Re-frame your mindset when you are speaking to your referee. You don't have to have a referee that is "right" like Moses about the 10 commandments. Because the truth is that we all see things a little different. We hear them a little varied. And sometimes what we see changes with more experience. You have to know what words (actions) the referee understands. The more detail you can get the better you will be able to adjust.

Here's some ideas:

Don't say : But Sir, that was my parry riposte!!!

Say: Would it have been my parry if he were lunging when our blades met?

Don't say : He stops!

Say: Did I need to go sooner after the finish of his first lunge?

The great thing about these questions is that it offers your referee a chance to reply with a complete sentence. You want to avoid verbal interactions that end with your referee not replying or just shaking their head. That is not milking the moment for an insight.

Additionally, when you allow for the reality that your referee saw something different that might be of value, you have just established a working, professional relationship. No referee really wants to piss you off. Its an emotionally draining process. Referees admire fencers. Referees are fans. But they have a job and referees hate being bullied. Close minded communication makes you look difficult and frankly, stupid. When you set up your questions thoughtfully, you can learn how your referee thinks as well as subtly point out your intended message.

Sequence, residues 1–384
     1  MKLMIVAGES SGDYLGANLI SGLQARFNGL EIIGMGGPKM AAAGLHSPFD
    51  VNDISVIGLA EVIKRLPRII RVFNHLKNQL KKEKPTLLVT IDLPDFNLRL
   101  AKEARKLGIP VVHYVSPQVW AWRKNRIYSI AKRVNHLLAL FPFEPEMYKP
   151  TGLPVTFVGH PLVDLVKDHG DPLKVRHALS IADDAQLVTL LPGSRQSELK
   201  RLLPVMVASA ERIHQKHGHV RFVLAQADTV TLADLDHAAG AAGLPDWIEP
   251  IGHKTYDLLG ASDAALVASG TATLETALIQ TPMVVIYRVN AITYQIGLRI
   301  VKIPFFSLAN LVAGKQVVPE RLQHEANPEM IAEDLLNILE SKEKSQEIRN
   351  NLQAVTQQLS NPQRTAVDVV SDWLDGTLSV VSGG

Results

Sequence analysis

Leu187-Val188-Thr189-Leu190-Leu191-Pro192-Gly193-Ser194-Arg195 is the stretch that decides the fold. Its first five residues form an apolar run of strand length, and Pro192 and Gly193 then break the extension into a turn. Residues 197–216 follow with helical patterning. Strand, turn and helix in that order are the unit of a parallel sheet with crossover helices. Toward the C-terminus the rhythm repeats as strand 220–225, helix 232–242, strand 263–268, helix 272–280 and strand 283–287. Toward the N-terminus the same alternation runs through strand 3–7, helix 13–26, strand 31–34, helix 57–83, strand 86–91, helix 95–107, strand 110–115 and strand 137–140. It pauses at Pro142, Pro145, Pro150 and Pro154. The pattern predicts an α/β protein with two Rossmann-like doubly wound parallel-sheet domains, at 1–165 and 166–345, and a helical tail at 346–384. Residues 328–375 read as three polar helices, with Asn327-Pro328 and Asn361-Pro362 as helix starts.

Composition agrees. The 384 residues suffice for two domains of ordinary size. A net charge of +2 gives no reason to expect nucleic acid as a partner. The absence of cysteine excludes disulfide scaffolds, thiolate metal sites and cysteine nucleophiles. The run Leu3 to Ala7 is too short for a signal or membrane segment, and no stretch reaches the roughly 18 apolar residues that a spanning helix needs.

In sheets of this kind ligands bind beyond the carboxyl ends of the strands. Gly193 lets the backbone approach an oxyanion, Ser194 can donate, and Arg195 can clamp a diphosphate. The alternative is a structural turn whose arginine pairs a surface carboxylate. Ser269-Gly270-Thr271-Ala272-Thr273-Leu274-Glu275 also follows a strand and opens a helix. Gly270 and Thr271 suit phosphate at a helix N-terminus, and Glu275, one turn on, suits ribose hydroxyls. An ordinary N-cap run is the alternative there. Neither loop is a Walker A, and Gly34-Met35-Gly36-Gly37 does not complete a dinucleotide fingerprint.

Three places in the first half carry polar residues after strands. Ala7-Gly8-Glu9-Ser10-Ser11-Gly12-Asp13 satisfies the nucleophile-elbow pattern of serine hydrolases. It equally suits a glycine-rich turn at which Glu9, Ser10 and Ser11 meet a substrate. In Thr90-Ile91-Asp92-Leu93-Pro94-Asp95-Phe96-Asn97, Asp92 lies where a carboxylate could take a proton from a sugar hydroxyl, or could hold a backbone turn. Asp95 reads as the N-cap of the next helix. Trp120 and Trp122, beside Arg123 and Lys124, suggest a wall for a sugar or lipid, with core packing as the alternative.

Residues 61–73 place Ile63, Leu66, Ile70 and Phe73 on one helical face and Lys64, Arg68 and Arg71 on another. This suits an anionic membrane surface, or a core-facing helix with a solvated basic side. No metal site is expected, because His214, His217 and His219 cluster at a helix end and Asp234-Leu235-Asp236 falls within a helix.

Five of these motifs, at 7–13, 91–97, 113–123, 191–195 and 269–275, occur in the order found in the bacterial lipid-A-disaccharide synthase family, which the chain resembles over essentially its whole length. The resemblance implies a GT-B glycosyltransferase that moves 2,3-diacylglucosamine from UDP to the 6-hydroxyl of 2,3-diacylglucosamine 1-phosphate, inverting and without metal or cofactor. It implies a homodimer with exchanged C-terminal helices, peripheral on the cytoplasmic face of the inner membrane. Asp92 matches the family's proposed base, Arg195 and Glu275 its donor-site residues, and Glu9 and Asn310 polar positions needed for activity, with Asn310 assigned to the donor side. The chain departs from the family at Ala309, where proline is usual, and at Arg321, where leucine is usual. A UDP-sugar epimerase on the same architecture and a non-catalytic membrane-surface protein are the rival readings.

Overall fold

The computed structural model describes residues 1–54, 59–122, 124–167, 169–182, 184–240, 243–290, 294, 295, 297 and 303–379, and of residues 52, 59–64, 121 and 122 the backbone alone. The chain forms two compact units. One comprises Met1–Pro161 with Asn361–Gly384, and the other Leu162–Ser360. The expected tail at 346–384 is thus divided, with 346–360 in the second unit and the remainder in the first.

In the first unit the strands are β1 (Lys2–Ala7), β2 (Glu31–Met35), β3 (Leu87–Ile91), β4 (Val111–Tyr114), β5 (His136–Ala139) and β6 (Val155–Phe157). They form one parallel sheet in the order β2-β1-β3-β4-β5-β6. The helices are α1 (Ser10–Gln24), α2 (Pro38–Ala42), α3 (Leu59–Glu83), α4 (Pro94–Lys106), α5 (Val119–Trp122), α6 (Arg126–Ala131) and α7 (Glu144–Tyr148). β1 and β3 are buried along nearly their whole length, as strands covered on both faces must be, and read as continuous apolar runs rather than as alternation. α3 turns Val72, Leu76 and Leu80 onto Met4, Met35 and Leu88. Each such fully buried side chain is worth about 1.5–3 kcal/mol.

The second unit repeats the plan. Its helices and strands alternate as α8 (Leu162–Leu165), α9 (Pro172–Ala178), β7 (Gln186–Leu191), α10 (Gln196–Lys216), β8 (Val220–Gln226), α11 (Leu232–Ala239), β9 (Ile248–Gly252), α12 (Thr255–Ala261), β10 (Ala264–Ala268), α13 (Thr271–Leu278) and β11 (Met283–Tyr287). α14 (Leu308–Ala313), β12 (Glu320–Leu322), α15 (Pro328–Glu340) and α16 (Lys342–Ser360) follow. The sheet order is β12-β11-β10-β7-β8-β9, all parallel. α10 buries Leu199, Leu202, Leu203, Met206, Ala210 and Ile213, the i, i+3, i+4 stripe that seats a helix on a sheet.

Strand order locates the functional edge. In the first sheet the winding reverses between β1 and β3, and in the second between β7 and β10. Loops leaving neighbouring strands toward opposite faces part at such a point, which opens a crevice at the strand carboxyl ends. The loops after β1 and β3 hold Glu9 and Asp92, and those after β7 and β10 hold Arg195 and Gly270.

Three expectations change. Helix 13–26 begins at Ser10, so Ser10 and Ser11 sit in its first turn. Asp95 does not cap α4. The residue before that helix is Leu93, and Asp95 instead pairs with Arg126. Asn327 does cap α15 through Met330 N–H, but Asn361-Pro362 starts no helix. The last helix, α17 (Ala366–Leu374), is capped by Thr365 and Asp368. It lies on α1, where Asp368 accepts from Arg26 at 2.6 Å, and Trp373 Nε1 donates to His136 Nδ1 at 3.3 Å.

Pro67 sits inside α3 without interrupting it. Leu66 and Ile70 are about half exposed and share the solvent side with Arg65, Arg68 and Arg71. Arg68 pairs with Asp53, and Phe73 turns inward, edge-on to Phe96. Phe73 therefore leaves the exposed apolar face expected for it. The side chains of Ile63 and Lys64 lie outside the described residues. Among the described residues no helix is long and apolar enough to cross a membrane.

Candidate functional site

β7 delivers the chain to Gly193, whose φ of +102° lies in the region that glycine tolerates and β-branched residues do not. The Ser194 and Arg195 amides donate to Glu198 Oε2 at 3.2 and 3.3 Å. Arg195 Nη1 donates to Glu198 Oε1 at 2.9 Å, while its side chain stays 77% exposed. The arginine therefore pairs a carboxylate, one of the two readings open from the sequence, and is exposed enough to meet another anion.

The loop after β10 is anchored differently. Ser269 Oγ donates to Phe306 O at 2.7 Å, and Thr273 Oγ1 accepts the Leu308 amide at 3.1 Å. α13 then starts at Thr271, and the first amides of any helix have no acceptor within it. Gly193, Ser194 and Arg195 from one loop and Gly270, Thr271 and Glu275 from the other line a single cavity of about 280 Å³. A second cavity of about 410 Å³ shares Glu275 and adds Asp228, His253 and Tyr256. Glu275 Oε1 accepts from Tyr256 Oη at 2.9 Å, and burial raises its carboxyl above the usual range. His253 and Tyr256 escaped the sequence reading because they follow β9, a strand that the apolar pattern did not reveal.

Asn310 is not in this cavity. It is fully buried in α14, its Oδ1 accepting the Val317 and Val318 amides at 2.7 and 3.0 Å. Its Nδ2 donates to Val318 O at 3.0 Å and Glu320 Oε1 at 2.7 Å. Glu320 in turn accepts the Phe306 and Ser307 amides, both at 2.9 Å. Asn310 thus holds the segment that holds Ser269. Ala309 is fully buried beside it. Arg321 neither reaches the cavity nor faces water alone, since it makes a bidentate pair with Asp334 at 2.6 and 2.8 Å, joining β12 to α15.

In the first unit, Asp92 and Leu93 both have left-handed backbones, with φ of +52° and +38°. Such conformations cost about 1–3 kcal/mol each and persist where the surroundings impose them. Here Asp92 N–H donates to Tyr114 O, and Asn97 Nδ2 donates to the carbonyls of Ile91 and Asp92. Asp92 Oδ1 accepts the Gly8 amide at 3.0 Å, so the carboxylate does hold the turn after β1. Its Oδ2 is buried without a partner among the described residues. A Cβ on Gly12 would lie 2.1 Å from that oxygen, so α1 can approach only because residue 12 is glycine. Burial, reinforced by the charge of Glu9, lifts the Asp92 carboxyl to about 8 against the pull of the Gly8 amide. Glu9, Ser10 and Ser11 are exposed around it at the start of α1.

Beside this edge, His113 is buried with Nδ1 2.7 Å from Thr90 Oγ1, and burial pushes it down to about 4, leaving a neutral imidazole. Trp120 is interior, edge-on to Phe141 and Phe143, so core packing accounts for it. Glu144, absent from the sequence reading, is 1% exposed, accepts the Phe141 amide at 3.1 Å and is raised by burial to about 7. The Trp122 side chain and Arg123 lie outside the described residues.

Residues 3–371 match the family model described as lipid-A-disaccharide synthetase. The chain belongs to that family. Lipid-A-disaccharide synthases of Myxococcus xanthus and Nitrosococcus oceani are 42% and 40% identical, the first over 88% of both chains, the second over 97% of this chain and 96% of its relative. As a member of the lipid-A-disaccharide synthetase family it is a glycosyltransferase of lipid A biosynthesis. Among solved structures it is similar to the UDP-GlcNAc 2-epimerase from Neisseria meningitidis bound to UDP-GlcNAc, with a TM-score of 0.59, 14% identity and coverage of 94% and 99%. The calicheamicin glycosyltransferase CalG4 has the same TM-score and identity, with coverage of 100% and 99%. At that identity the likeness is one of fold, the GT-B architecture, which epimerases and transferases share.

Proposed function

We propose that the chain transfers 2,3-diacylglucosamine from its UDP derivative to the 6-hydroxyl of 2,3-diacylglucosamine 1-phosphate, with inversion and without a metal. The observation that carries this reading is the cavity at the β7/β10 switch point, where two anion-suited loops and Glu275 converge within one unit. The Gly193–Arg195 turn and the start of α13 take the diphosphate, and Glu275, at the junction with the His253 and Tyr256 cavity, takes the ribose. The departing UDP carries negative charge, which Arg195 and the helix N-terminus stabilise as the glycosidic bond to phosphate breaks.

Find the commonalities in your action vocabularies.

Find "the words" (or actions) you both agree on. Make a mental note. Organize your plan knowing how it will be regarded. Sometimes you will encounter a referee who might not have any common ground with you on an action. Don't do that action. Just like some words are swear words here but not in the UK. Don't say them! Find another action that they see and understand. On rare occasion your referee may only understand "one light". The sooner you recognize it, the sooner you can put your energy into making that happen. In the moment, it doesn't matter whether it's right or wrong. You have more important things to worry about, like winning. Remember its a game, so play.

Honestly, you're not Moses either. We must recognize that whether the rules are written in stone or French, people are the administrators. The wise competitor will learn to put their own fencing religion aside. There is no divine reality in fencing. Its harshly subjective.


While adults argue with one another at NACs and online, the kids have been doing something so smart. When I don't give them the attack they say "Hand or foot?" What a concise and intelligent question! As a referee it allows me the opportunity to explain quickly why they don't get the point. As an athlete they have solid easy feedback that they can use immediately. In a sense they have asked me for a mutual contract of interpretation. Brilliant!

Fencing is so amazing! What a huge set of skills we can learn. When we finally start to pay attention to each other and give their perspectives value, we learn how to move our game forward. By letting go of our precepts, we ultimately have more control over our future.

And yes, I know I still need work.